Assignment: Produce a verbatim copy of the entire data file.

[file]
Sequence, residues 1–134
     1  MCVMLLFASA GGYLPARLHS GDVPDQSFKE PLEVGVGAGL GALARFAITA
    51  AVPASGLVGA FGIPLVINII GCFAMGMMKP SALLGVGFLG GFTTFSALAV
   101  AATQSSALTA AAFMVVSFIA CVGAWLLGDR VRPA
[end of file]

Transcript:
Sequence, residues 1–134
     1  MCVMLLFASA GGYLPARLHS GDVPDQSFKE PLEVGVGAGL GALARFAITA
    51  AVPASGLVGA FGIPLVINII GCFAMGMMKP SALLGVGFLG GFTTFSALAV
   101  AATQSSALTA AAFMVVSFIA CVGAWLLGDR VRPA